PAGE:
I'm a fan of a bit of descending and I like the way the Stretto handles a downhill. Whether that descent is on a smooth and fast-flowing road or takes in some tight technical bends, the Moda feels planted and well mannered. Very little seems to unsettle it, and there is enough neutrality in the steering that I could let it run over rough road sections mid-bend without it feeling a handful or twitchy.
On my descending test hill, it coped admirably with the off-camber chicane at speed, and decent feedback levels passing up through the frame and fork allow you to plan your line through the corners.
A stiff bike often comes with a compromise on comfort, but Moda has done well to get the balance right. Over all kinds of road surfaces, I found the Stretto to be well within the boundaries of what I consider to be comfortable, with no hints of harshness through the handlebar or saddle.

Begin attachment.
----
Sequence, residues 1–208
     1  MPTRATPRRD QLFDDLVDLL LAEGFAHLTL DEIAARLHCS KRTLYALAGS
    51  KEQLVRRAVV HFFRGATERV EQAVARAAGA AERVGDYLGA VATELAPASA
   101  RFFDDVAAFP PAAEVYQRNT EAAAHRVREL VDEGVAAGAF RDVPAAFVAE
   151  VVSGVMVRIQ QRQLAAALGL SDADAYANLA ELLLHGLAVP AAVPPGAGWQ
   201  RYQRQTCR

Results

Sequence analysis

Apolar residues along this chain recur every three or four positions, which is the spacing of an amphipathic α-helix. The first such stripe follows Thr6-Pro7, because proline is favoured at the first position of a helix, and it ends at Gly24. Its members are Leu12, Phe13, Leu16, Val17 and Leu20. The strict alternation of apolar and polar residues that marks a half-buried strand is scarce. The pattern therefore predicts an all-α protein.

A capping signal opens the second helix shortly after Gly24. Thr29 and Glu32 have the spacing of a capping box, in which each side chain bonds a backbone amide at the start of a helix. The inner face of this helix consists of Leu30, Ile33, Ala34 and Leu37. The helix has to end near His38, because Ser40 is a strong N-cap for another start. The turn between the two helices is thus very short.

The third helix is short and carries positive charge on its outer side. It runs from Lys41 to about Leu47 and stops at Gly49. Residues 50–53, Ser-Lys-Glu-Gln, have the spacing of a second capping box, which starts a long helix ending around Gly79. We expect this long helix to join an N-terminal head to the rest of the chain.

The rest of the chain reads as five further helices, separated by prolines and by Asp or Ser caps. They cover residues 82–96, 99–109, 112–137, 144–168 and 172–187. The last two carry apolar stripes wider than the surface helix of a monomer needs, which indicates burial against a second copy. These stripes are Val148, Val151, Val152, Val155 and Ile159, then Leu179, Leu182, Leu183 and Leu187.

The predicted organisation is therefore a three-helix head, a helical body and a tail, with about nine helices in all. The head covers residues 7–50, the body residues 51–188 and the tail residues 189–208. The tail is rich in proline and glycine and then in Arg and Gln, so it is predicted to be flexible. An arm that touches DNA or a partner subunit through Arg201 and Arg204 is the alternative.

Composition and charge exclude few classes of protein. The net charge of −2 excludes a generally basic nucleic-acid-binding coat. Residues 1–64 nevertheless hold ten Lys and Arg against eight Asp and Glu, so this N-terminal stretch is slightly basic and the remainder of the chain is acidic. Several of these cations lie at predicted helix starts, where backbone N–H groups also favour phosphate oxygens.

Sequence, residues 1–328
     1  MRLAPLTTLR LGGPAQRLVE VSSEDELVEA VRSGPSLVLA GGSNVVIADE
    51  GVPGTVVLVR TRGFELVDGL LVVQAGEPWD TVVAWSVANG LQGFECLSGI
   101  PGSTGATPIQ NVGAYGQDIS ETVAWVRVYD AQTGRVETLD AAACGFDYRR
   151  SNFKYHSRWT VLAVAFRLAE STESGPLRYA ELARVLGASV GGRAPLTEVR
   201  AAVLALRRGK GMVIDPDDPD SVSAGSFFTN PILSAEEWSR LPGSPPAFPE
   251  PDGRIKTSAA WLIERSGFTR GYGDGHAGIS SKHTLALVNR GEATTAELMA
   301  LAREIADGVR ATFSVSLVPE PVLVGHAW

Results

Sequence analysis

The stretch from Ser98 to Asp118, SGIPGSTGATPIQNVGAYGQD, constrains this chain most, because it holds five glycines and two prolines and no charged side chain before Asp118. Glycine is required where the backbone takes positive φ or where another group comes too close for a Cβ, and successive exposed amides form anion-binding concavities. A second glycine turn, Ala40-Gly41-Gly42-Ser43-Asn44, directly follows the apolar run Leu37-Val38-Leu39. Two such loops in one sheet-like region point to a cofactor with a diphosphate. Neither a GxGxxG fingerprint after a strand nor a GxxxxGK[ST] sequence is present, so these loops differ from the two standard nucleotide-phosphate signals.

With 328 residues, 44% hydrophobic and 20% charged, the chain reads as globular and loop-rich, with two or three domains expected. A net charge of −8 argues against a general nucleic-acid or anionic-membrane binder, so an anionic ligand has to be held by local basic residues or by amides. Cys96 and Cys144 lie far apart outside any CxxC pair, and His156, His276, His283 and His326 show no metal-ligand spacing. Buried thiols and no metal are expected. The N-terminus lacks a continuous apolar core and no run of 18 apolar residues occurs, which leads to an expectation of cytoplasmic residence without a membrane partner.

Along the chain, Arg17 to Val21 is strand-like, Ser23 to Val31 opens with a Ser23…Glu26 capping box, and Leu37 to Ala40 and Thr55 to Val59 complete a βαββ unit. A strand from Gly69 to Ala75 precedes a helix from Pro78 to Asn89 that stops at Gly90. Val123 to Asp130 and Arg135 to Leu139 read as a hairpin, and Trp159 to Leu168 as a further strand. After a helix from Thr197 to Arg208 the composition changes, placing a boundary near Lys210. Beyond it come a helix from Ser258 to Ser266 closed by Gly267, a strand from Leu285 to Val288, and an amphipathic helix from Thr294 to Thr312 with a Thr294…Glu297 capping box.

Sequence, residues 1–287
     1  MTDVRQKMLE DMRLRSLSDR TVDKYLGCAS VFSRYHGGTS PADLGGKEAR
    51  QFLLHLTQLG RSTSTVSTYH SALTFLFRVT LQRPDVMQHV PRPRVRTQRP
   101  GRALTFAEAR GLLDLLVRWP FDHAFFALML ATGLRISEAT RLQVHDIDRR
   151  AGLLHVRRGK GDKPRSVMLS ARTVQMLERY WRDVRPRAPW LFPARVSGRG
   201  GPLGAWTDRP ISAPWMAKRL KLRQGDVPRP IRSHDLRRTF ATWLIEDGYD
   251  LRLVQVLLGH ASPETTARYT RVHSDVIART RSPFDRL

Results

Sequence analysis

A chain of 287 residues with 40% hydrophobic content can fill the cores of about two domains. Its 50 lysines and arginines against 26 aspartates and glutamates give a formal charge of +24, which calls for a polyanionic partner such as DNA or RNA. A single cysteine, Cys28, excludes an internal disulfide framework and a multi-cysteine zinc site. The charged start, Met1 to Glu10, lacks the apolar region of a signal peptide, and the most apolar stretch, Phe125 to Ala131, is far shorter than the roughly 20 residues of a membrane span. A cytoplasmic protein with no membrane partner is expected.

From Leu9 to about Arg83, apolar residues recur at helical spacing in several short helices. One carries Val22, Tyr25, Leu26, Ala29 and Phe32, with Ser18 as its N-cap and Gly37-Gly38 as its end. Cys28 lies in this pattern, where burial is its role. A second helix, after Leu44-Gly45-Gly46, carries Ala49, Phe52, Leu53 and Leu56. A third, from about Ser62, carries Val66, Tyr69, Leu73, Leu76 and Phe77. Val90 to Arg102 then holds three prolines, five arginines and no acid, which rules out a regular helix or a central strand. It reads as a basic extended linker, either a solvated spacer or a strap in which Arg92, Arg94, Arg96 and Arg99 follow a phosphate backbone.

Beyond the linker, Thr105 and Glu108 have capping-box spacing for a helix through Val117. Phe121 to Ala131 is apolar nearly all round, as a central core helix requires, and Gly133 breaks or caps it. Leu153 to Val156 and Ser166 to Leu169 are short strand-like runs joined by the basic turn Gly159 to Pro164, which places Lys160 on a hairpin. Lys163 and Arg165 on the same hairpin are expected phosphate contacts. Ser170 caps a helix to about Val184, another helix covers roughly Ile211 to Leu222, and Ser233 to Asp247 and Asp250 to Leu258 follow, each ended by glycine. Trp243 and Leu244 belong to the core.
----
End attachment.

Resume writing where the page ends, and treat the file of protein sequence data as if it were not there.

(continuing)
Moda specced some Spinergy wheels with PBO spokes renowned for their forgiving ride quality, and they definitely add to the overall ride feel, plus the 30mm tyres fitted here also give you some tweakage on the comfort front.
In terms of the ride quality, I rate the Stretto highly – it gives that feel of a quick and efficient road bike without any of the trade-offs of a full race machine.
The frame and fork are both created from uni-directional carbon fibre with a claimed weight for this 54cm size of 980g (+/-30g), and 395g (+/-15g) for the fork, so it's definitely competitive from that point of view.